Kailua, HI - Hiking - Trail Length: 1.3
This short loop hike leads to Kapaeleele Koa and Keaniani Kilo, two ancient Hawaiian fishing shrines on the oceanfront cliffs high above Kahana Bay. The trail, maintained by the local Boy Scouts, is at the mouth of Kahana Valley and returns along the sandy shoreline in Kahana Bay.
Kaaawa, HI - Hiking - Trail Length: 1.2
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The Kaunala Trail, in the Pupukea Paumalu Forest Reserve, is a favorite hike with a wide cross section of natural features. The diverse hike includes lush tropical forests, jungle stream crossings, forested valleys, ridges and sweeping ridgetop vistas of the mountains and coastline. The serpentine path winds through a forest canopy with groves of eucalyptus, ohia, kukui, ironwood, mahogany, silk and Norfolk Island pine.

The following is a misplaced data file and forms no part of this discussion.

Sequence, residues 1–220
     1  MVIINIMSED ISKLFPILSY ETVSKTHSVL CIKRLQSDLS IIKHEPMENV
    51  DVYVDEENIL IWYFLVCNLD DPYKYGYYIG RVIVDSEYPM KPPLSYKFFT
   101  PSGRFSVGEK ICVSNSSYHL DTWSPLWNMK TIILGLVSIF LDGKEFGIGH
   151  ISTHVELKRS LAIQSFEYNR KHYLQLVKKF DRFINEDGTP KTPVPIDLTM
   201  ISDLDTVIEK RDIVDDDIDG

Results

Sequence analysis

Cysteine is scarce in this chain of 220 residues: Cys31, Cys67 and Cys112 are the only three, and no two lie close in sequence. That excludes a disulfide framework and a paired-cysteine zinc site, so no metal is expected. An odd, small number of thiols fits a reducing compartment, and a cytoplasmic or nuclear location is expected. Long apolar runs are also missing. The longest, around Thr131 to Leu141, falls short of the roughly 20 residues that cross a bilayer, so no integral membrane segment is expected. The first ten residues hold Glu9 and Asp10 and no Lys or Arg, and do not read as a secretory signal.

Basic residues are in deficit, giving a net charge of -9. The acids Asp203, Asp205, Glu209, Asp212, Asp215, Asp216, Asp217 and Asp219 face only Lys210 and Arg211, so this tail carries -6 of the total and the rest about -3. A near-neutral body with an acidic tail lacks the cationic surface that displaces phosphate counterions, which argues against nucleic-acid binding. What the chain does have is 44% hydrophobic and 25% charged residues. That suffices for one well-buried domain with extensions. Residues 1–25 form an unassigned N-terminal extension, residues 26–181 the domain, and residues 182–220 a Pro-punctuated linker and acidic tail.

Haleiwa, HI - Hiking - Trail Length: 5
Keaau Beach Park is a gorgeous, tree-lined park and picnic ground dotted with palms at the west end of the island. The Waianae Range is the backdrop to this grassy coastal park. To the south, the hike follows the low bluffs parallel to the rocky shoreline and reef to numerous tidepools. To the north, the hike extends to Kalaeopaakai, a black lava point backed by sand dunes.
Waianae, HI - Hiking - Trail Length: 2.5